An unexamined life is not worth living.
An unexamined life is not worth living.
by Nathan Chua
I have often heard skeptics and well-intentioned people question my ability to work with married couples. These are legitimate concerns. I hope no one thinks that helping troubled marriages is an easy task. While coaching an individual certainly requires hard work and dedication, helping couples find harmony in their relationships is an equally if not more demanding task. I certainly cannot argue the fact that a married coach has an advantage over me.
However, I hasten to add that if we follow this line of reasoning, then it would be tantamount to saying that all those who try to help drug addicts out of their addiction, should be former addicts themselves.
Secondly, I do agree that a marital relationship is different from any other relationship there is. It is the most intimate and difficult of all. In fact in the Bible, it is likened to the mystery of Christ’s love for the church. It is indeed the mystery of unfailing love.
However, it would also help couples who have difficulties to stop and think for a moment of reflection. The argument against singles ministering to marrieds implies that a marital relationship is different from other relationships. I agree. But this does not provide a spouse an excuse to be a different person when he or she is with a spouse or with a friend. Maybe we can start to ask questions that will lead us to better ways of relating to the persons we need the most. Why is it that we often become a different person to the people we are closest to? How is it possible that we change based on the people we are with? How was Christ able to stay within his character even while He was surrounded by evil people who tortured and eventually killed him? How was He able to hang around with the most unsavory segments of society like the tax gatherers and prostitutes and still maintain his integrity? How is it that we seem to wear masks and act differently depending on who we are dealing with?
Maybe if couples would consider this thought for a while, then it could give them pause when they feel like their spouses are solely responsible for their bad behavior. Hopefully, we can all start to consider that we do have a choice in the way we handle our relationships, troublesome as they are, just like Christ.
By Nathan Chua
In the Philippines, we use the syllable “ref” to refer to a refrigerator. In other English speaking places like the U.S., “ref” means a referee in a basketball game while a refrigerator is called a “fridge.” Please refer to http://www.thefreedictionary.com/fridge.
I offer this first editorial article to all who may be frustrated and angry at the many injustices that they see around the country. I challenge all to contribute their opinions to this pressing problem of poverty that continues to be the yoke that many Filipino families bear. I hope that as we discuss this very important question, we may finally be able to address the problems that we suffer today.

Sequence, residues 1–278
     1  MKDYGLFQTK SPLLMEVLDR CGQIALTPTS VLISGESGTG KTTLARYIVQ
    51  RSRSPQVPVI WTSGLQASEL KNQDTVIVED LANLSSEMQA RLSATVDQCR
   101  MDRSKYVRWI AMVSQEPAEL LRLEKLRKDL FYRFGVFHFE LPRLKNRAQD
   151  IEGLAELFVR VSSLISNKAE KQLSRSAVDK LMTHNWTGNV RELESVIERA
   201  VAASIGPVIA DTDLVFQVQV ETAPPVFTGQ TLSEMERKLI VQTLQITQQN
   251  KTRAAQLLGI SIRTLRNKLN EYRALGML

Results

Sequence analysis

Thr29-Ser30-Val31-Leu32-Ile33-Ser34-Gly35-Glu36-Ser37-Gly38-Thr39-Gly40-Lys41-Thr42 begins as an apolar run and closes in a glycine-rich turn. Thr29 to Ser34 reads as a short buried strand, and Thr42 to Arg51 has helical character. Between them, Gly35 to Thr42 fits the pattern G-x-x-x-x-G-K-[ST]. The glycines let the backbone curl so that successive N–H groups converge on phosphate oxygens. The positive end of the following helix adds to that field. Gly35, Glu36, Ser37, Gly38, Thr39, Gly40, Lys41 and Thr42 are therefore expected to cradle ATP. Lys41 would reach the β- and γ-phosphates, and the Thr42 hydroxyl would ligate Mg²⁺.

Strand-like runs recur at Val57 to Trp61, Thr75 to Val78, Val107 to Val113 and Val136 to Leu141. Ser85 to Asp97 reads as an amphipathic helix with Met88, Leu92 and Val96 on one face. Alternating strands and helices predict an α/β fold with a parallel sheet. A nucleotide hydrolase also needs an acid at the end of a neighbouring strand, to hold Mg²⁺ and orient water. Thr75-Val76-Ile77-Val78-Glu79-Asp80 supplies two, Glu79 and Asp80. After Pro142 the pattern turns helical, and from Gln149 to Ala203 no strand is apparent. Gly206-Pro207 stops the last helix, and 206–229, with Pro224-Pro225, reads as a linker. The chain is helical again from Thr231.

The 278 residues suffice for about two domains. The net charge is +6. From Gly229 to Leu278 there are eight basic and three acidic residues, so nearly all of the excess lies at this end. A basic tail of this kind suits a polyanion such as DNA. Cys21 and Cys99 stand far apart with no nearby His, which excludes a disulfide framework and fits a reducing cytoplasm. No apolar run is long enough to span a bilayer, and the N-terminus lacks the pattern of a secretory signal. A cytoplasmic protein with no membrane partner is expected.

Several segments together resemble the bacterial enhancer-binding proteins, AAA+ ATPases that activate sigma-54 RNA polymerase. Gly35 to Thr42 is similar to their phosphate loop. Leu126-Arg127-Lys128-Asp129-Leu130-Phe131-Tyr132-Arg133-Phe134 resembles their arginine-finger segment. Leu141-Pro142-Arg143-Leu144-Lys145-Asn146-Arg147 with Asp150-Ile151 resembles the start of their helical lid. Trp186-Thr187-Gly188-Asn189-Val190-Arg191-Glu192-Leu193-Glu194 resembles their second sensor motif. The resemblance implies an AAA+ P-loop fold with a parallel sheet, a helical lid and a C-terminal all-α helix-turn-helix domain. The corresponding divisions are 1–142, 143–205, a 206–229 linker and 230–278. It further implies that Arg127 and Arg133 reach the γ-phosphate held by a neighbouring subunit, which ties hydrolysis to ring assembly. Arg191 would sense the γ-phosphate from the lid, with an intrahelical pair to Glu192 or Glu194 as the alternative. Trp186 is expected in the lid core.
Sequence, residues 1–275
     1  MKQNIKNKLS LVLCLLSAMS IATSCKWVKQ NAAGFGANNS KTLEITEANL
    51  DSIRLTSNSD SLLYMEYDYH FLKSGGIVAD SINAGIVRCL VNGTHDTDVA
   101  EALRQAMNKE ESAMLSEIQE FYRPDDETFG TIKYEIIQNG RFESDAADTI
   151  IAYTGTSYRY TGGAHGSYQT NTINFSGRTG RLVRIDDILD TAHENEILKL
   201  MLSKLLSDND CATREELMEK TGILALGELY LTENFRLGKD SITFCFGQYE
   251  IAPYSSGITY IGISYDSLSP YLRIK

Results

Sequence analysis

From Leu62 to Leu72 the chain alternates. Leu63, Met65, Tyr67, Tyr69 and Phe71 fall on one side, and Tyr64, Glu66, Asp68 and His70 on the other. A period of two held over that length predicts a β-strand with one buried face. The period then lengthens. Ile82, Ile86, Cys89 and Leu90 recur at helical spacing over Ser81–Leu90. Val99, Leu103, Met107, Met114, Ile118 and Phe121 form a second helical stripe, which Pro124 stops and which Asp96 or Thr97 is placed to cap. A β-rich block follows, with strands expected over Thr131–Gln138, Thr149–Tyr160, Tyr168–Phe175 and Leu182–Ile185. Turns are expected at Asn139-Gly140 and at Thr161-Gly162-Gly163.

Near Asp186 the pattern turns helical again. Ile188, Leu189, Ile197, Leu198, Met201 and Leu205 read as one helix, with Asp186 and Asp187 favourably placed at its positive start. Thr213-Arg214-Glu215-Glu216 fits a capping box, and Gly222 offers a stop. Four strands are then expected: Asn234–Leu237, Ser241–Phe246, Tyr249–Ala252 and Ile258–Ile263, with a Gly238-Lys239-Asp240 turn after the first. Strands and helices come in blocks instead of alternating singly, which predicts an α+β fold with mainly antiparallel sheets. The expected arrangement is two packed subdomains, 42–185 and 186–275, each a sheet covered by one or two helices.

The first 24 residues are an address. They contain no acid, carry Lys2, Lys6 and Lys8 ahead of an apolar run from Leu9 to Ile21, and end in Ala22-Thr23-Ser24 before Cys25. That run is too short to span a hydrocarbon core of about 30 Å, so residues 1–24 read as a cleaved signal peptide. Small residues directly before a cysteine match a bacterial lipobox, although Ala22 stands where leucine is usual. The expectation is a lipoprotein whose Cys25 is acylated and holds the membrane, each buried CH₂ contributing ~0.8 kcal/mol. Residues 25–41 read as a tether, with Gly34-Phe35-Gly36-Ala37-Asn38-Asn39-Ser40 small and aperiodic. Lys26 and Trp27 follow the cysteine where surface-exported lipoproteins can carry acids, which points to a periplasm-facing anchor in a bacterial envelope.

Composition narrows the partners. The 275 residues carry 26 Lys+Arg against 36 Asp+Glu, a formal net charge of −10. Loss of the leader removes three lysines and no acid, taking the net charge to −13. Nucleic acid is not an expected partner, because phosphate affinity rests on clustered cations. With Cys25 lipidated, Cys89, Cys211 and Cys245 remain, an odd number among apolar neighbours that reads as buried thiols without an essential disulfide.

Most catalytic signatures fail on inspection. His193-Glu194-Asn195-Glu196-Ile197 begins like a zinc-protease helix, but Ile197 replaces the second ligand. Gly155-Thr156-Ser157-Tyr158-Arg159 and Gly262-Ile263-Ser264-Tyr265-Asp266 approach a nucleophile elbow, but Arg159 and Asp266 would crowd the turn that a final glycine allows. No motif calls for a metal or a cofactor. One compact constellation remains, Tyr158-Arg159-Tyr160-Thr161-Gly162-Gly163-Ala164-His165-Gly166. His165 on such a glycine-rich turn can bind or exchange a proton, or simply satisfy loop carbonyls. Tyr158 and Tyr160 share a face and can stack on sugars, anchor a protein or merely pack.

I remember when I was in high school in the late 70’s, my teacher in social studies emphasized the fact (or sentiment), that majority of the Filipinos are middle class. “We are a middle class society,” as she bluntly and quite firmly remarked. And for some reason I agreed in my heart that we are indeed so.
As I entered college though, things became different. Slowly, there was this creeping sense that this notion of the Philippines being middle class was starting to ebb away. As I looked around the city where I grew up, my surroundings were becoming more congested and the jeepneys started to look ragged and billows of dark smoke fumed out of their tail pipes (a sign that the drivers were now having trouble making ends meet and hardly have the resources to take care of their once proud source of livelihood). Squatter shanties were starting to become a common sight, strip joints of all kinds started to line the main thoroughfare that used to be so quiet and unassuming (a sign that our women were starting to look for desperate means to feed their families).
In this editorial section, I would like to ask my fellow bloggers to put in their two cents worth of opinion. In line with this site’s wish that all would start to think about their lives and their country, I wish to hear from all their opinions about what makes such a rich and beautiful country like the Philippines, poor. The once proud icon of democracy has now become a mere shadow of what it was in the early post war years. In this site, rest assured no one will be judged wrong or right.
I also believe that all solutions begin with asking the right questions. And until we start knowing what the real questions are, we will forever be left barking up the wrong tree. Please put down your comments for all the world to see and grapple with this gnawing problem of poverty.